Powers of attorney provide a valuable tool in creating a comprehensive estate plan. A power of attorney, at its core, involves you, as the “Principal,” nominating a fiduciary, known as an “Attorney-in-Fact,” to act on your behalf in certain scenarios as specifically outlined in the document. A common misperception is that, even though the Principal is deceased, the Attorney-in-Fact still possesses the authority to handle the Principal’s financial issues including accessing financial accounts. That could not be further from the truth. RCW 11.25.100(1)(a) https://app.leg.wa.gov/RCW/default.aspx?cite=11.125.100 clearly states that “A power of attorney terminates when the principal dies.” Powers of attorney are tools to assist in your estate planning while you are alive; whereas a will is a tool to manage and distribute your assets once you are deceased.

Powers of attorney can take many forms. They can be limited, such as authorizing the Attorney-in-Fact to handle a particular transaction on behalf of the Principal. To the contrary, a General Durable Power of Attorney is more comprehensive and grants the Attorney-in-Fact wide ranging authority to act on the Principal’s behalf. As such, great care needs to be taken in appointing an Attorney-in-Fact to ensure that the person is both trustworthy and fully competent to perform the assigned duties. A power of attorney can become effective immediately upon the Principal’s signature, or it can become effective when the Principal is incapacitated. In addition to covering financial matters, a separate power of attorney, known as a Durable Power of Attorney for Health Care Decisions, authorizes the Attorney-in-Fact to make health care decisions for the Principal when the Principal is incapacitated.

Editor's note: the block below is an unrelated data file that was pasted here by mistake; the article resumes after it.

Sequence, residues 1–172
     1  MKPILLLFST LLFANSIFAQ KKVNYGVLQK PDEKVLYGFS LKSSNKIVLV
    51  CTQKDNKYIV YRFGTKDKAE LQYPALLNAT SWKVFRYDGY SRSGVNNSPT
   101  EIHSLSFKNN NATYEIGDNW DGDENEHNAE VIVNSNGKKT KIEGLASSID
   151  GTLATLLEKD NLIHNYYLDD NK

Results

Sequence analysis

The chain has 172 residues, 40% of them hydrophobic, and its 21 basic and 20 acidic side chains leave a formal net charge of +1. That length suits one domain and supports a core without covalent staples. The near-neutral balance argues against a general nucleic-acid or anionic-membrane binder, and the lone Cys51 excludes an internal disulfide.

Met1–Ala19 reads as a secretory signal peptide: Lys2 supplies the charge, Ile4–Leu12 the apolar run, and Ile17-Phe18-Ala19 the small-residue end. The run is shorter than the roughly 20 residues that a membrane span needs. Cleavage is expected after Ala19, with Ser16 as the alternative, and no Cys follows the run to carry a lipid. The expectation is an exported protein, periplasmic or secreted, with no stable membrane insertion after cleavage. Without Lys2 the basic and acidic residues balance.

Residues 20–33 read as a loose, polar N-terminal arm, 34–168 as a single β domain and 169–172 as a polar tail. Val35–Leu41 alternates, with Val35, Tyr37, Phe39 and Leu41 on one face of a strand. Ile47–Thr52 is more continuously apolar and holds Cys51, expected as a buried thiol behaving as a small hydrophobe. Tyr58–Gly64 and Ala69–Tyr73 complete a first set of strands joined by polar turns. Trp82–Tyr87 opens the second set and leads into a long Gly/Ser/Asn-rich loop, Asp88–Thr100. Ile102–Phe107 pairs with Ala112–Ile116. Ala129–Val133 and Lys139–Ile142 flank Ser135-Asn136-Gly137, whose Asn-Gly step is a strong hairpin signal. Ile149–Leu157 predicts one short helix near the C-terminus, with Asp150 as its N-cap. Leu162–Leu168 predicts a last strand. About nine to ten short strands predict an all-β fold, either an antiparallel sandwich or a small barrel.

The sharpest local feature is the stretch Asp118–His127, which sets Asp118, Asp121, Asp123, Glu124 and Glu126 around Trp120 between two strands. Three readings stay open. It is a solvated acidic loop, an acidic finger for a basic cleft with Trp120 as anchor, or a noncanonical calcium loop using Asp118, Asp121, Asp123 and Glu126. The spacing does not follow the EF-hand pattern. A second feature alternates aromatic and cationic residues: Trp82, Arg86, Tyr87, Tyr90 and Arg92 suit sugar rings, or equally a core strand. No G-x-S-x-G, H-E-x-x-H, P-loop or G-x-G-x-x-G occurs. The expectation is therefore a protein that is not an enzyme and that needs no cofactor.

Durable powers of attorney are especially important for parents of young children, because they allow a parent to nominate a guardian for a child if the child’s parents become incapacitated. Durable powers of attorney can also appoint a person to make short-term or emergency health care and child care decisions on behalf of the principal’s child if the child does not have a parent with capacity to make these decisions.

Please see our blog posts for more information about powers of attorney:

What is a Durable Power of Attorney?
Recent Changes to Washington’s Power of Attorney Act
Fiduciary Duties Under Washington’s New Uniform Power of Attorney Act
Why Your Doctor Wants You to Have a Durable Power of Attorney for Healthcare Decisions
Who Makes Your Healthcare Choices?

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